If you believe the data provided by The State newspaper’s online salary database, the leaders of the Palmetto State’s top three research universities receive taxpayer-funded salaries that are very much in line with what “higher educrats” at other public colleges and universities are paid.
University of South Carolina President Harris Pastides makes $265,000, Medical University of S.C. President Ray Greenberg makes $232,064 and Clemson University President James Barker makes $227,656.
Of course if you believe The State newspaper, South Carolina’s state budget this year is $5.7 billion (it was actually $20.7 billion, when ratified). And if you believe The State newspaper, the budgets at our various institutions of higher learning are being “cut by record levels” (actually, budgets at each of these schools are going up, as you’ll see in a moment).
Meanwhile, the issue of administrative pay is one that is receiving a significant amount of scrutiny on college campuses not only here in South Carolina, but across the country as well. It exploded on South Carolinians radar earlier this year, though, when a report published first on FITS exposed the massive bureaucratic expansion taking place at Clemson – during a recessionary economy, no less. That report prompted a rebuke from the Clemson faculty, who were seeing colleagues lose their jobs while their own salaries remained stagnant.
So … what do these “higher educrats” actually make?
Glad you asked.
According to Clemson, President Barker receives $172,344 in compensation from the University foundation on top of his taxpayer-funded salary of $227,656, for a total annual salary of $400,000. Clemson spokeswoman Cathy Sams tells FITS that Barker receives this supplement “to perform duties consistent with the goals of the Foundation.”
According to USC, President Pastides receives “foundation supplements” in the amount of $270,000 on top of his taxpayer-funded salary of $265,000 – for a total annual salary of $535,000.
Medical University President Ray Greenberg rakes in the most cash of these three “leaders” by far, though, with an estimated $450,000 annual salary from the MUSC hospital supplementing his yearly taxpayer-funded income of $232,064.
That’s nearly $700,000 a year, people.
Barker, Pastides and Greenberg have all presided over massive budget expansions – and massive mission creep – in their roles as research university presidents. No longer content with educating students (i.e. the job we pay them so much money to do), all three have sought to assume control over a significant chunk of the state’s economic development efforts.
It’s all part of a broader “pillars and pyramids” strategy endorsed by S.C. House Speaker Bobby Harrell, Senate Finance Chairman Glenn McConnell, Senate President Glenn McConnell and House Ways & Means Chairman Danny Cooper – a plan to dramatically increase government’s role in the economy by creating a de facto “Commerce Department” that’s controlled exclusively by the legislature.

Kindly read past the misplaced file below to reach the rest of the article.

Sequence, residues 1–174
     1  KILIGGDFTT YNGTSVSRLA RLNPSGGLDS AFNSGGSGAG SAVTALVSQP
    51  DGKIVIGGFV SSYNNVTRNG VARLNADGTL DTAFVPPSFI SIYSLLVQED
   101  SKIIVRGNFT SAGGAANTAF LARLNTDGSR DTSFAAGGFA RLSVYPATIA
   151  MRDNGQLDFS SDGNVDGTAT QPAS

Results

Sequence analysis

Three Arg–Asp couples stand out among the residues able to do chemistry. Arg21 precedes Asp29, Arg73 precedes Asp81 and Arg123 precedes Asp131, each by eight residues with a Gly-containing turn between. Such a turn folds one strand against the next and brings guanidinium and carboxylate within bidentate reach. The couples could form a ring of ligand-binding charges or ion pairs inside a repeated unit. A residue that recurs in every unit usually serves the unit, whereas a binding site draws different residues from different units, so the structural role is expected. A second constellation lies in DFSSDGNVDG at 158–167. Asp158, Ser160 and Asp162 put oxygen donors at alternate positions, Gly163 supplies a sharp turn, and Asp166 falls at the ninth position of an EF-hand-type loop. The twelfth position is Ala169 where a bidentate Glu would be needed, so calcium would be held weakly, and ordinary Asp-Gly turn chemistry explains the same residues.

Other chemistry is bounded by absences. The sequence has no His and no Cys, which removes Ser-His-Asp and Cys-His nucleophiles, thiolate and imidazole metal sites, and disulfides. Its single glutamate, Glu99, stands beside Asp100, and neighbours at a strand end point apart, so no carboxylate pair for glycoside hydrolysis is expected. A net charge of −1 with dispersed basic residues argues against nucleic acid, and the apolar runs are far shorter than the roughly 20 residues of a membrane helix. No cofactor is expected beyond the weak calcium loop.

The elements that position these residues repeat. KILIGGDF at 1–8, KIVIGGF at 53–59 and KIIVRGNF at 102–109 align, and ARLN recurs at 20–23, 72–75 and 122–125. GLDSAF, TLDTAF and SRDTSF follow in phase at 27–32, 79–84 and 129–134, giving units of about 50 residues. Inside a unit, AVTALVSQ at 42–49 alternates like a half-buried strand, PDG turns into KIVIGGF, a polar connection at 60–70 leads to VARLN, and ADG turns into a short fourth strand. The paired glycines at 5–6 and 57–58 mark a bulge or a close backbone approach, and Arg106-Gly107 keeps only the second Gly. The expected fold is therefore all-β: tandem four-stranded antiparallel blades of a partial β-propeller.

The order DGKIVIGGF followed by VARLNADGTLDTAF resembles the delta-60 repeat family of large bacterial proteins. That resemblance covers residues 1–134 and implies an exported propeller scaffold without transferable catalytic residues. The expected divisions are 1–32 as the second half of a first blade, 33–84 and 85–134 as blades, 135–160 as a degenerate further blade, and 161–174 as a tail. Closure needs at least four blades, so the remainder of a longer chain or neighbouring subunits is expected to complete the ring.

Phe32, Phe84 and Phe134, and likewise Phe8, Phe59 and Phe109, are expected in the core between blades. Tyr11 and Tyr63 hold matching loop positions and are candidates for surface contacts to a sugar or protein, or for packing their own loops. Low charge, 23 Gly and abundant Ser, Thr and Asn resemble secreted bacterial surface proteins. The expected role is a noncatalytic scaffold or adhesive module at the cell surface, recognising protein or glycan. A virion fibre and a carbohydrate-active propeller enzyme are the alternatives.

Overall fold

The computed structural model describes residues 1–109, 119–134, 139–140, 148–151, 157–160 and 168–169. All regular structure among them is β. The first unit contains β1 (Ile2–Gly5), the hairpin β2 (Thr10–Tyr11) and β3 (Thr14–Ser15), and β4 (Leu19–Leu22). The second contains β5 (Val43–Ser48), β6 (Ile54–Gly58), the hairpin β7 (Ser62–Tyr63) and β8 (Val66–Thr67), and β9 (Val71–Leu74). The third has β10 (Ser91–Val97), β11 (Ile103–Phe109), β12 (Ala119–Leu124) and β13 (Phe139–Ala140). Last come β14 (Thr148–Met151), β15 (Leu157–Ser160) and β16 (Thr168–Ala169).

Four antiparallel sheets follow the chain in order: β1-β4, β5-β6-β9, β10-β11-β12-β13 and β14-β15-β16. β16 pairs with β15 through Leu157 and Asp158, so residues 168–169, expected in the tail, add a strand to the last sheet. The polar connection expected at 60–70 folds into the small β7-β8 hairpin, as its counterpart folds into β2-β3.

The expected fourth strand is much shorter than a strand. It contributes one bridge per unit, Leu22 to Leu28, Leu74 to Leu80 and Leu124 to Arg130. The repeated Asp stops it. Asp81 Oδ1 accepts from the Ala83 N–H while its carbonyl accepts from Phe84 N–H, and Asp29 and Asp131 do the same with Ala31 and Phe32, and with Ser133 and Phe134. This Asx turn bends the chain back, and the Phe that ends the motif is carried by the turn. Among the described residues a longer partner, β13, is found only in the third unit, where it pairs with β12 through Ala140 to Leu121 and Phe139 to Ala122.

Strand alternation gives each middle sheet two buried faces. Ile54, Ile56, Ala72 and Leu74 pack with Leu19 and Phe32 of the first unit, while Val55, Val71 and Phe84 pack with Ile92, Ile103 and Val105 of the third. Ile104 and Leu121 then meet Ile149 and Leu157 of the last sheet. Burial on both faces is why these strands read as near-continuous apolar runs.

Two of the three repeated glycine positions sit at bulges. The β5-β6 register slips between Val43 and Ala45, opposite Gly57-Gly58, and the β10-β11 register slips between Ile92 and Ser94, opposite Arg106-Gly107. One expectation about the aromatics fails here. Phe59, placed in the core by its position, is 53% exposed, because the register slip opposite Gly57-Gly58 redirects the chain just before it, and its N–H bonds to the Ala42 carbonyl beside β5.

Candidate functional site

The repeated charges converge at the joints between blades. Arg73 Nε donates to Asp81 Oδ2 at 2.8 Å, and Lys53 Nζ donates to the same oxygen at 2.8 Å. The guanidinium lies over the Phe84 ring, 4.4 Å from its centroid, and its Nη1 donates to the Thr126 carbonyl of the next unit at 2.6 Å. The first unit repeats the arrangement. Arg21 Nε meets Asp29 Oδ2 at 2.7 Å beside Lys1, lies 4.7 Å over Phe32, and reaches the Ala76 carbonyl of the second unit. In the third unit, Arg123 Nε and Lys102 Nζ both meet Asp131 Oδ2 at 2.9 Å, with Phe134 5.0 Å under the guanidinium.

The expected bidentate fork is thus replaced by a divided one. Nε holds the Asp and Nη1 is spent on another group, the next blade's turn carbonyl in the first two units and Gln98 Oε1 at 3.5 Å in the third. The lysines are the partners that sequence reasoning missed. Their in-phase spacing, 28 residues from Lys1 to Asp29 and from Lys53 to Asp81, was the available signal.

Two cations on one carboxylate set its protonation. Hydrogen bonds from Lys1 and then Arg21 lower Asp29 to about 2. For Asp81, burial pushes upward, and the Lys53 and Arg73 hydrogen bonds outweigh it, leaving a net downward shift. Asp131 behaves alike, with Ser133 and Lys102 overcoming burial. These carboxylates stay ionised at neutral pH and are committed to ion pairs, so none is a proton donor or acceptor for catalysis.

Obviously, this strategy has been an unmitigated disaster – as evidenced by the case of Innovista, an empty $140 million “research campus” that has failed miserably to produce the jobs and private investment state leaders and University officials promised.
It has also drained money directly from the private sector, like the $8 million that was stripped from an entrepreneurial tax credit fund last year by the S.C. Research Authority, whose board is controlled by the three research universities.
Fortunately, FITS was able to expose this scam back in March, thus preventing more money from being poured down the rabbit hole.
With respect to higher ed, though, how much money are we talking about? How deep does the rabbit hole go?
According to the latest data available from the National Association of State Budget Officers (NASBO), South Carolina currently spends 17.8% of its budget on a bloated, wasteful, duplicative and inefficient system of higher education.
The average state spends only 10.1% of its budget on higher ed.
Here are the total budgets for each school over the last six fiscal years as appropriated by the S.C. General Assembly …
FY 2004-05 – $471.6 million
FY 2005-06 – $501.5 million
FY 2006-07 – $532.8 million
FY 2007-08 – $562.7 million
FY 2008-09 – $583.3 million
FY 2009-10 – $587.3 million
UNIVERSITY OF SOUTH CAROLINA
FY 2004-05 – $614.1 million
FY 2005-06 – $686.6 million
FY 2006-07 – $788.6 million
FY 2007-08 – $859.8 million
FY 2008-09 – $889.6 million
FY 2009-10 – $903.3 million
MEDICAL UNIVERSITY OF SOUTH CAROLINA
FY 2004-05 – $461.5 million
FY 2005-06 – $525.1 million
FY 2006-07 – $531.8 million
FY 2007-08 – $542.6 million
FY 2008-09 – $582.4 million
FY 2009-10 – $592 million
As you can see, each school’s total budget has increased every single year. What’s more, these increases do not include tuition increases for the current school year, which pushed USC’s total budget over a billion dollars.
Speaking of those increases, tuition at Clemson has tripled over the last decade, from under $4,000 to nearly $12,000, while tuition at USC has more than doubled over the same time period. Additionally, Seniors at Clemson and USC are paying 23% and 17% more per year, respectively, than when they first arrived on campus.
USC also lost ground on the most recent U.S. News & World Report rankings, while Clemson’s position remained unchanged.